Triu mph comes in all shapes and sizes:
Today’s Tip: Triumph usually denotes drama of some sort, no matter whether it’s big or small. Playing with contrast is a great way to enhance your photos for a more dramatic effect.
Drama in these two photos shows how an early
misty morning looked on yesterday.
Looks as if taken in black and white-
not at all was full color in landscape.
Wider view of foggy morning
Little bit more zoomed in
Triumph for me because I was early enough to take these lovely photos.
Double can be interpreted in many ways.
Yesterday I took photos of a spider’s web with dewdrops on the threads.
The threads can also be seen as double
parallel next to each other.
Today’s Tip: To make sure your edge packs a punch, use a photo editing tool to check the alignment and adjust the image, if needed, so that your edge is perfectly straight.
Taking photos through glass gives a different way of showing objects or gives an interesting point of view of the object.
Glass, glass marbles
Glass table top, vase
Glass bottle, shells
Shells in glas bottle
From the inside
From the outside
Michelle W says:
Today’s Tip: Get close to your subject — either use the zoom function in your camera, if it has one, or physically move closer to it.
This is my
Trompie my TREASURE
I was standing below him.
Lighting isn’t that good but it still shows him watching me.
Trompie, looking at me
I practiced some after sunset photos.
This is the photo I have taken.
The TV antenna and power pole are spoiling the photo.
Landscape before crop
I used http://www.picmonkey.com/
to crop the photo. I think it looks much better.
What do you think?
Landscape after crop
Today’s Tip: Don’t just point and shoot. Observe your scene before pressing the shutter, considering how all the elements in the frame interact with one another. Make an object appear larger through a ground-level POV. Place two things side by side in an unexpected way.
Scale(Size) of the truck.
Tall gentleman? and truck!
Children and tall slide!
Our lives are made up of big events and tiny moments. Ultimately, life is fleeting, and oftentimes it’s these small moments, this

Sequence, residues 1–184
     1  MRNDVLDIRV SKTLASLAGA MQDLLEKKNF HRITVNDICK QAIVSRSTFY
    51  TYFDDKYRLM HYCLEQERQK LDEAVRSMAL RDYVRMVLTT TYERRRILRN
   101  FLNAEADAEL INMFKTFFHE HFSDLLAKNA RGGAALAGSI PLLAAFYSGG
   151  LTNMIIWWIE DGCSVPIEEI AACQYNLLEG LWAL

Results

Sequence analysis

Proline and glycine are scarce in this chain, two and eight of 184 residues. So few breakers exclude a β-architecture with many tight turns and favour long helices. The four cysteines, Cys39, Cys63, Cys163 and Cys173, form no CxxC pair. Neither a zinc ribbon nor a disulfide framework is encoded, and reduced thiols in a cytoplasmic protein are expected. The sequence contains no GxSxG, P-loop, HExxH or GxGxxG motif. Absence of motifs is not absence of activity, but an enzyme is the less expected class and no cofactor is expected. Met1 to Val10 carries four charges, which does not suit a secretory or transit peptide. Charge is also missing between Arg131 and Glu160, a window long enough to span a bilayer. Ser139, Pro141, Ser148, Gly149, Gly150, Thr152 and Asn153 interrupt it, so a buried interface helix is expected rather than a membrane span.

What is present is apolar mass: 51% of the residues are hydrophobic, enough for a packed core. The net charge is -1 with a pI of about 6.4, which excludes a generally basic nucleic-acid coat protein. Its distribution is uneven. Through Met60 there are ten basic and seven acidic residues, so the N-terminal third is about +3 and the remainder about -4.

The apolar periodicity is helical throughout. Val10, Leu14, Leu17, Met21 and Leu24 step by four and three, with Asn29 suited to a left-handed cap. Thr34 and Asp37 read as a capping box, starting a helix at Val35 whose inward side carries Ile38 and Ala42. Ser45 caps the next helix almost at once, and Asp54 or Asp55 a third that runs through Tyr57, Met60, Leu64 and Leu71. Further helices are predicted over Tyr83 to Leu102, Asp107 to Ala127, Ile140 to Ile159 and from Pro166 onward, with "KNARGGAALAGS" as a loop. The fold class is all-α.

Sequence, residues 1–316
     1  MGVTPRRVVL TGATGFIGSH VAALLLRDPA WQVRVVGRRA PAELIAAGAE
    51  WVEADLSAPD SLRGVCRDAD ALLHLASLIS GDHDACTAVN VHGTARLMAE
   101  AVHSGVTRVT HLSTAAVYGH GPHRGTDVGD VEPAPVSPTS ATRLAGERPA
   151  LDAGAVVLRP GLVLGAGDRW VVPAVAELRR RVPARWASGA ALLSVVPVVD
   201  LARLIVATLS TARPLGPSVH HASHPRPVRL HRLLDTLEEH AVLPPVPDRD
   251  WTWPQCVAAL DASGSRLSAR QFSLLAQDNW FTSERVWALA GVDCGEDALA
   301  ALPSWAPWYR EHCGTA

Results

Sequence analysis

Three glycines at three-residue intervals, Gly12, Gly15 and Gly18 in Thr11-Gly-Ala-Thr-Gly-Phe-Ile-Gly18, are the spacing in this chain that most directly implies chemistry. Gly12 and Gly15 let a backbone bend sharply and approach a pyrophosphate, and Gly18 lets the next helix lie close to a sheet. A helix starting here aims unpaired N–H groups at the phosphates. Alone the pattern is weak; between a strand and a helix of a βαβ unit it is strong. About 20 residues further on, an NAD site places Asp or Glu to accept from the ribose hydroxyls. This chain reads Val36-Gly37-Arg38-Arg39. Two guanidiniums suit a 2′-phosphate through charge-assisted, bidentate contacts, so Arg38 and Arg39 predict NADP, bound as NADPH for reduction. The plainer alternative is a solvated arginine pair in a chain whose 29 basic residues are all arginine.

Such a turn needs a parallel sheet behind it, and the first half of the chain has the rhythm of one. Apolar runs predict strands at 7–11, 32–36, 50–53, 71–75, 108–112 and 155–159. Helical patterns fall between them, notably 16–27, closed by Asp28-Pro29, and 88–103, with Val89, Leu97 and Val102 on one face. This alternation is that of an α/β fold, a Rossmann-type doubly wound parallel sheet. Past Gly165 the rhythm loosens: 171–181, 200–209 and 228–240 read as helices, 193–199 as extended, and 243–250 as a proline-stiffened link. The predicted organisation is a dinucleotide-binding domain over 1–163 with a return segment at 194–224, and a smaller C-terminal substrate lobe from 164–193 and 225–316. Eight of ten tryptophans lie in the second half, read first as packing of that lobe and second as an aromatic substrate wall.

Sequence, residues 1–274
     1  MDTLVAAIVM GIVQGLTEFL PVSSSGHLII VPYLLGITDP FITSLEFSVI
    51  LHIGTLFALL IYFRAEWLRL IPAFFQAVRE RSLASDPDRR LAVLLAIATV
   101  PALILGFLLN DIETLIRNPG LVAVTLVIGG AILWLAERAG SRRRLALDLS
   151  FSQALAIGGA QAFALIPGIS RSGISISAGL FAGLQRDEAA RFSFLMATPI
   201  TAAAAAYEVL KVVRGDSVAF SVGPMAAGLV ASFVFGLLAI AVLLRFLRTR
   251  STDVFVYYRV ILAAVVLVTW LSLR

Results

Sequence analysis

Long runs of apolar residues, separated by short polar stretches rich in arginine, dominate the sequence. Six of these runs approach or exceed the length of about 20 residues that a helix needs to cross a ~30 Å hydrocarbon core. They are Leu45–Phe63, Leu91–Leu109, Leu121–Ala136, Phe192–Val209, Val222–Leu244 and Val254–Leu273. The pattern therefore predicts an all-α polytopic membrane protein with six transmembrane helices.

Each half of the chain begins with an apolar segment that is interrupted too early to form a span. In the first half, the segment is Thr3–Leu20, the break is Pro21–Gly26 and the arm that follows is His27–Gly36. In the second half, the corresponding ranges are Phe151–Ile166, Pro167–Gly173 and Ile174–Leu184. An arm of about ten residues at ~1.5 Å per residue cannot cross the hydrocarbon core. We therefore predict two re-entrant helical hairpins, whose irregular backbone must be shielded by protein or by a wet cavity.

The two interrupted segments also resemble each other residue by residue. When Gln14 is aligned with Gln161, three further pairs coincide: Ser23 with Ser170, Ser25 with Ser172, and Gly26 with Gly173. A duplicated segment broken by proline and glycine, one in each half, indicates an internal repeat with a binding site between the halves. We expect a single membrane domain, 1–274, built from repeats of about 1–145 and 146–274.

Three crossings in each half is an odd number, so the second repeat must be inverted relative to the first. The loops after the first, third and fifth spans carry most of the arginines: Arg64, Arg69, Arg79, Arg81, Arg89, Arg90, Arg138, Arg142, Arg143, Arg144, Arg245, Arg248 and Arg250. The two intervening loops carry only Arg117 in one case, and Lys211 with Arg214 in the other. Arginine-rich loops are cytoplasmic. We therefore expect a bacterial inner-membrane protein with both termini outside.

motion, that we love to document.
A MOMENT IN TIME I’LL NEVER FORGET!
Bobbie kissing my son!
This is heaven!
Monochrome is my favorite way of photographing.
Today’s Tip: As we explored yesterday, color is a powerful element in photography. But let’s not forget , which can be very dramatic! Black, white, gray, and shades in between interact in the frame in dynamic ways. black and white, or monochrome
ARCHITECTURE + MONOCHROME
Palm tree tops
Monochrome can be very dramatic!
Today, pay attention to how color affects your images. Experiment with one color, and think about how to feature it prominently.
Today’s Tip: As you train your eye to look for color, keep it simple:
Choose one bold color against a neutral background, instead of several colors competing for attention in a scene.
Look for a strong color within a basic composition of uncomplicated lines — your pop of color will stand out more.
Continue to experiment with light and POV as you shoot color-as-subject — the color may transform as you move.
Don’t ignore soft, pastel shades — colors like mint and pink can make statements, too.
Juxtapose pastels with black and darker shades.
Blue and pastel pink
Soft pink brightens up the blue giving the windows and reflection a sparkle.
Yellow spots and bright orange
Orange brightens up the street and buildings
Yellow. Red spot in the blue
Calm and peaceful – pastel blue.
What do you think? Which color gives you the best feeling about the photo?
Your comment is appreciated!